This year’s guest programmer, Irina Leimbacher, the former artistic director of the San Francisco Cinematheque, brought together more than forty works, ranging from shorts to features to installations (and even documentations of those installations), under the rubric “Witnesses, Monuments, Ruins.” (Full disclosure: I will be serving as the guest programmer for the 2010 seminar.) Leimbacher’s charged theme ensured that historical trauma was a constant. All week, questions surfaced about the responsibility and reliability of the filmmaker as witness; the power and pitfalls of direct address and the first-person form; the loaded notions of culpability, victimhood, and forgiveness. Many works revolved around what often remains unseen and unheard: the joys and trials of daily life in occupied Baghdad (Kasim Abid’s moving, if somewhat shapeless, two-part domestic chronicle Life After the Fall); the Indian subcontinent’s history of sexual violence against women (Amar Kanwar’s immersive eight-channel video installation The Lightning Testimonies); the hidden recesses of the human body (Pawel Wojtasik’s wondrous, Brakhage-referencing memento mori Autopsy).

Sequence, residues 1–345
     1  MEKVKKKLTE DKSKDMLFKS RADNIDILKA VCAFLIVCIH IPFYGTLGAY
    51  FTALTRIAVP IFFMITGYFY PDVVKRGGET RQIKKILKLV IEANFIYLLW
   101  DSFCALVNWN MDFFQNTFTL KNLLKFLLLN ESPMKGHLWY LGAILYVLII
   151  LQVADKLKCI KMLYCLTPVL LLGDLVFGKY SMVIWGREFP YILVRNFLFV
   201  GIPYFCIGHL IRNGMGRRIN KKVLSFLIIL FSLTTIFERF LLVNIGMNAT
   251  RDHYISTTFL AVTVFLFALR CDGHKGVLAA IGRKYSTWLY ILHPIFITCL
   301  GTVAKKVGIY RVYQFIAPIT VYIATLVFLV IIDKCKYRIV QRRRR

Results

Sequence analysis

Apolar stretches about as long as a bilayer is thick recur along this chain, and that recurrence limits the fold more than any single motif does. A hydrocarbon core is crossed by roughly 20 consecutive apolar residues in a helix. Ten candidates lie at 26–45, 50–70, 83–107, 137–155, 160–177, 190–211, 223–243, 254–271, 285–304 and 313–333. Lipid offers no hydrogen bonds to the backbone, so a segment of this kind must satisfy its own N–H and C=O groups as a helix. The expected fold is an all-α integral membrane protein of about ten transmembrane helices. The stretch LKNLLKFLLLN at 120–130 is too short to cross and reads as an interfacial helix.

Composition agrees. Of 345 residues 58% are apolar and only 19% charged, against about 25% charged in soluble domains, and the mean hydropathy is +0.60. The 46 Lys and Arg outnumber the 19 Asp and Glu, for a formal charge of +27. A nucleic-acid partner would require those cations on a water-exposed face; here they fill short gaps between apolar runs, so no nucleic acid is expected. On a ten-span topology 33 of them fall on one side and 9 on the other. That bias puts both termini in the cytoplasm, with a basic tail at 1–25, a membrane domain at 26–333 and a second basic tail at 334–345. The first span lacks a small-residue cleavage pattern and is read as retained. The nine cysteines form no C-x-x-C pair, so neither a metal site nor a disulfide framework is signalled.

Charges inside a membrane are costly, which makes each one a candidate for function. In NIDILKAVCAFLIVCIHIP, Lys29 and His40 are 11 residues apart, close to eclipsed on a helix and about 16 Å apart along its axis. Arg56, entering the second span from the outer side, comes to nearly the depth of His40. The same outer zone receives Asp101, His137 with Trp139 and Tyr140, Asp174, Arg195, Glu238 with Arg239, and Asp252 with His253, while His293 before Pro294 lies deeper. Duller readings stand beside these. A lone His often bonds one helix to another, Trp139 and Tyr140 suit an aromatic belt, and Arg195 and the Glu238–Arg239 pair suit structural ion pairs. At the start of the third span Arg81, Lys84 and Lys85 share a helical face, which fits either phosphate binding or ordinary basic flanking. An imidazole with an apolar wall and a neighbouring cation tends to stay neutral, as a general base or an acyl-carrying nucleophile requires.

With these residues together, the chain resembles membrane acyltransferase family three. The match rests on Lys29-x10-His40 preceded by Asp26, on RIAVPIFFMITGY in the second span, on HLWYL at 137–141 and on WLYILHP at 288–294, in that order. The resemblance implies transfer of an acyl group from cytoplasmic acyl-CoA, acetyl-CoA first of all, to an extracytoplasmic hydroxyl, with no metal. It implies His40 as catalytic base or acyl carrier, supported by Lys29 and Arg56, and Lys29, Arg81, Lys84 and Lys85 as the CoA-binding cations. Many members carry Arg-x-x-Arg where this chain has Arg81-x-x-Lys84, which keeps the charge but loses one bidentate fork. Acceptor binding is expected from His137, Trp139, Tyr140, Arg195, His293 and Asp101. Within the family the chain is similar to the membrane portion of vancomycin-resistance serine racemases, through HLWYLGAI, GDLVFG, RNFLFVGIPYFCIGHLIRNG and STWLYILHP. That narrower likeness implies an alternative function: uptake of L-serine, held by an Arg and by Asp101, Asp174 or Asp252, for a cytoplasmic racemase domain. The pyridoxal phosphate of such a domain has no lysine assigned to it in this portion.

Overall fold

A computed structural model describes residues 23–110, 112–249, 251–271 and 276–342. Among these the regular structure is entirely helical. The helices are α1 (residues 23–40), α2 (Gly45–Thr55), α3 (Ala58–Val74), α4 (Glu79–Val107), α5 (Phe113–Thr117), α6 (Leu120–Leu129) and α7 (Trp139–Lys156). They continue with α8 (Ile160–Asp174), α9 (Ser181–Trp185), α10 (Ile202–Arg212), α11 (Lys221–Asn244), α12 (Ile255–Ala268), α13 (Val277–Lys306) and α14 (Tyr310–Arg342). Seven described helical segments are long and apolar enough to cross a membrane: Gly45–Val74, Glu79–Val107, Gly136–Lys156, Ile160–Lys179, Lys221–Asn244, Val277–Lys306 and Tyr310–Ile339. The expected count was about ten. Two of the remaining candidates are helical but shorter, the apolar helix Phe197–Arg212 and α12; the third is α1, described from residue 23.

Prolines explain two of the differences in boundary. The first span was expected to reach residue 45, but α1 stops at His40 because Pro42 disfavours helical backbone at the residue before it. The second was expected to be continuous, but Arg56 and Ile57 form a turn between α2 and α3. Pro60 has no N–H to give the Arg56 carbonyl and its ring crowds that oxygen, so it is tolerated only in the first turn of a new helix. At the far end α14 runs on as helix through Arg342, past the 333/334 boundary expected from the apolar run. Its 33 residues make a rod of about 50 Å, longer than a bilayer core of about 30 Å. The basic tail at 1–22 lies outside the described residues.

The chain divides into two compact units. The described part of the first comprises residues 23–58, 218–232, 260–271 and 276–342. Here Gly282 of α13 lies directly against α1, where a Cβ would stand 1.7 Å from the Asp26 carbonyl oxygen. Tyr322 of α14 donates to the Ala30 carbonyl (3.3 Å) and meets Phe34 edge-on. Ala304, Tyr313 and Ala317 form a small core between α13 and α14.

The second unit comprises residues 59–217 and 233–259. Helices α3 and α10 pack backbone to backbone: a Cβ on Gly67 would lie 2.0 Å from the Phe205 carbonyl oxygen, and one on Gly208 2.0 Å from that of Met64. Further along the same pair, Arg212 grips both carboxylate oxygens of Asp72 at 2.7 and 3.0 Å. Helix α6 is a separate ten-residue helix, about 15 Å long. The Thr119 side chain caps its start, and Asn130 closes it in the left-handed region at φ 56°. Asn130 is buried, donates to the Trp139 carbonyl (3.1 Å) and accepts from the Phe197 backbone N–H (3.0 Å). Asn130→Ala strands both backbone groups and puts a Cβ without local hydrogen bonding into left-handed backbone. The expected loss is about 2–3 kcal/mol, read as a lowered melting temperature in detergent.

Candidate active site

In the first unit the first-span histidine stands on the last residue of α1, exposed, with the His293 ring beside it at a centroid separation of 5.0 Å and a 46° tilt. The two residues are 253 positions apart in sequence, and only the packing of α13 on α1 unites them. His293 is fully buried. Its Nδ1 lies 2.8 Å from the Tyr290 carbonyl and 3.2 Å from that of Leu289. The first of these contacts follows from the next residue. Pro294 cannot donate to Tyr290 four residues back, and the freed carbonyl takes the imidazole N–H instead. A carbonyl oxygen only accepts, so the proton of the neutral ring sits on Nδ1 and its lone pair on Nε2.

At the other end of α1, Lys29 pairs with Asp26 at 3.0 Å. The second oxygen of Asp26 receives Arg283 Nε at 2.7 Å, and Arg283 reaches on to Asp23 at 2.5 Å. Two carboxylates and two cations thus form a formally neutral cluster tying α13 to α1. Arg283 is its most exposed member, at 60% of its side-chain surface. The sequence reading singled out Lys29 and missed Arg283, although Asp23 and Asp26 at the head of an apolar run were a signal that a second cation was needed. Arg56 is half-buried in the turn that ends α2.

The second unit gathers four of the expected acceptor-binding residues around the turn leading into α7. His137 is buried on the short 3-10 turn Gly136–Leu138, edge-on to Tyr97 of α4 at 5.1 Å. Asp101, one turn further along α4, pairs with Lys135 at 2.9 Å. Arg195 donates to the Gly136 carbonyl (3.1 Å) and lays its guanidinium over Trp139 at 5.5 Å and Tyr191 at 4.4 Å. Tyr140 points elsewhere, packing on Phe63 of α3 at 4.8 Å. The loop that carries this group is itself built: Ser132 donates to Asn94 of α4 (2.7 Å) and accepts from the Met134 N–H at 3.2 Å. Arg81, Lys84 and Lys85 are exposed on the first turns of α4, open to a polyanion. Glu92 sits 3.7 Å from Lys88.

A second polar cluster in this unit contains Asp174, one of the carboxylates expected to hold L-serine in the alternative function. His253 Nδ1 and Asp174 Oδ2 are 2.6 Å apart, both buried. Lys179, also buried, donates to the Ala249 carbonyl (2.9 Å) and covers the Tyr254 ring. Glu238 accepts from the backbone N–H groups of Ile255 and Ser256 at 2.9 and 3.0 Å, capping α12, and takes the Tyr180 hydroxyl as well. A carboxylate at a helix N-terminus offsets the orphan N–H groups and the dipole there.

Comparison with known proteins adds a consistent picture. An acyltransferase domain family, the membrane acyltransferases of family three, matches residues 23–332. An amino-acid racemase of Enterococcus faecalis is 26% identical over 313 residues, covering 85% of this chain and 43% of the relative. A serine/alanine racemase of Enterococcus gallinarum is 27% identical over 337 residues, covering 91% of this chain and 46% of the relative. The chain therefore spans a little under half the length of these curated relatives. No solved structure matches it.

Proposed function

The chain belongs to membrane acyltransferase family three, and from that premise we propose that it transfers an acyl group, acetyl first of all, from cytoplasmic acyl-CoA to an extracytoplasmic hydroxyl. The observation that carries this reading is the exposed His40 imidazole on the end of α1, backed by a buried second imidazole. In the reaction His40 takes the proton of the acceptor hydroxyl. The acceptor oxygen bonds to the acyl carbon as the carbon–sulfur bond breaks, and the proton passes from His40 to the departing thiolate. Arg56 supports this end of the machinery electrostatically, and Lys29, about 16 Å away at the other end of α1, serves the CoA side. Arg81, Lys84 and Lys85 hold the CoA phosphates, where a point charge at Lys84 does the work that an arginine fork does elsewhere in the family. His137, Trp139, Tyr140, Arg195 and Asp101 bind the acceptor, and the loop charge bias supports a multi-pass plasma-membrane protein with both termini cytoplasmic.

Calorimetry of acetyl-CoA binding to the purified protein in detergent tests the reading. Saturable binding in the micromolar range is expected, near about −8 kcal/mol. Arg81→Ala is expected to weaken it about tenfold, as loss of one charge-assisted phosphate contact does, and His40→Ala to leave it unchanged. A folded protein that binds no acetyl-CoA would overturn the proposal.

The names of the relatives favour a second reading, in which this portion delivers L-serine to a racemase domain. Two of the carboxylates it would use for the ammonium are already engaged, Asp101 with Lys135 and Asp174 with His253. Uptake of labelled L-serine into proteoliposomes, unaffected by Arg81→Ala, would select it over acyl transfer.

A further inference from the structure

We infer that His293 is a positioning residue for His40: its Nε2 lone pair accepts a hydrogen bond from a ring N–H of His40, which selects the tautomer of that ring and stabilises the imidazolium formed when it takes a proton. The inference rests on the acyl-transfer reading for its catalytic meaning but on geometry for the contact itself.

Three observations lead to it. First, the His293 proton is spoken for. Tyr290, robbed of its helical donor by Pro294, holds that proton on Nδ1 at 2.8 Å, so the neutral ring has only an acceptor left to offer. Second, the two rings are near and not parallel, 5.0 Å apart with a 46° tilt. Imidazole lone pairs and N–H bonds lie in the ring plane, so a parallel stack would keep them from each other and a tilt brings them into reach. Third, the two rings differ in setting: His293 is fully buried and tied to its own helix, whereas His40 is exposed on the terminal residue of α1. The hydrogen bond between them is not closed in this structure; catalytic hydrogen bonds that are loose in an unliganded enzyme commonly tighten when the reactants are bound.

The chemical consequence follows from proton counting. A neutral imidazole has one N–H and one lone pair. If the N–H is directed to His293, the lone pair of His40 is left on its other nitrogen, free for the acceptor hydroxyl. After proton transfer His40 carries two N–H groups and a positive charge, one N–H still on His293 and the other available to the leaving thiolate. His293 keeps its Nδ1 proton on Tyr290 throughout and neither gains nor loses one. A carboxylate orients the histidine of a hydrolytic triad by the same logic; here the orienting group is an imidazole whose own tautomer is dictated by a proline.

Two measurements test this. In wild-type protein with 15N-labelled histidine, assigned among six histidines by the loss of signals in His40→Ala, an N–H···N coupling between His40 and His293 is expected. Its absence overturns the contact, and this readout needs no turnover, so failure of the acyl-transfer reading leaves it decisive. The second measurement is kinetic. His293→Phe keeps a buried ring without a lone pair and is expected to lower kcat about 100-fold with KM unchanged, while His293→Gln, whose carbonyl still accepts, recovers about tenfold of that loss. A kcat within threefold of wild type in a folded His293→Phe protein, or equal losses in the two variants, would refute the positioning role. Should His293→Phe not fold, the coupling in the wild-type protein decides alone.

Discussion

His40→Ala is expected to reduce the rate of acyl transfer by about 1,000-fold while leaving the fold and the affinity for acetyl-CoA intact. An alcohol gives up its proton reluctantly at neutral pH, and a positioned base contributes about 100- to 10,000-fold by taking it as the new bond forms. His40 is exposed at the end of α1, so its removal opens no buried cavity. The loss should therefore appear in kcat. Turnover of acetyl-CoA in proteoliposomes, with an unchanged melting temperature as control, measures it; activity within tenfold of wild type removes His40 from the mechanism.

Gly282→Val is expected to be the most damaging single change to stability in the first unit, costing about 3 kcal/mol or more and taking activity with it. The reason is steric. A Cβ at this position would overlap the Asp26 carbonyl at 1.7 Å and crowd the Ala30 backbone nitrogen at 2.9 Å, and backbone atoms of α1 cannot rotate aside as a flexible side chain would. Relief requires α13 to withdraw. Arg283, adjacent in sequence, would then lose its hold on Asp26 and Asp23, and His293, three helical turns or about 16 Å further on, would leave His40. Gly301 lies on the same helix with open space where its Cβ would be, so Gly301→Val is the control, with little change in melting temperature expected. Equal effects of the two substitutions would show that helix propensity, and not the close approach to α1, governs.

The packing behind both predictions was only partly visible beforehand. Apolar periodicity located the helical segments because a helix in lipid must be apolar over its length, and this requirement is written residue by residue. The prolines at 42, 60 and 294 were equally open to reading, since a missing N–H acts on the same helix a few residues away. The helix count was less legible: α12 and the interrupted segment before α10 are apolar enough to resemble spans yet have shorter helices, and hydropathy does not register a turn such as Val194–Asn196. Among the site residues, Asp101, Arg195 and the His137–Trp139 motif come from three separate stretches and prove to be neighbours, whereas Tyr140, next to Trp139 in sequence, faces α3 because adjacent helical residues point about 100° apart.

Heavy on overlooked and underappreciated artists, this year’s seminar afforded plenty of opportunities for discovery and rediscovery. It was a treat to see the all too rarely screened film-poems of the veteran avant-gardist Chick Strand (suffering from terminal cancer and unable to attend) and the lyric documentaries of Saint Petersburg’s Pavel Medvedev, whose almost Tarkovsky-esque sensibility would likely have made him a festival darling by now if he worked in the feature-length format. At the Flaherty, of course, discovery means not just new films but also new connections, sparks that come from provocative juxtapositions and from encountering relatively familiar and established filmmakers, like the Paris-based, Mali-born Abderrahmane Sissako, in an unexpected context. Sissako’s 2006 feature, Bamako, a fantastical polemic that puts the World Bank and the IMF on trial for Africa’s economic woes, crystallized many of the seminar’s bubbling concerns. An act of testimony and of symbolic justice, here was a film that affirmed the power of the spoken word even as it revealed the limits of language.
“Flaherty at MoMA: The Films of Abderrahmane Sissako” runs at the Museum of Modern Art through July 2. The monthly Flaherty NYC series, featuring selections from this year’s seminar, begins in September; for more details, click here.
Dennis Lim
talkback (1 message)

Sunday, June 7, 2009


While driving through the Mojave Desert en route to Las Vegas we stopped for gas.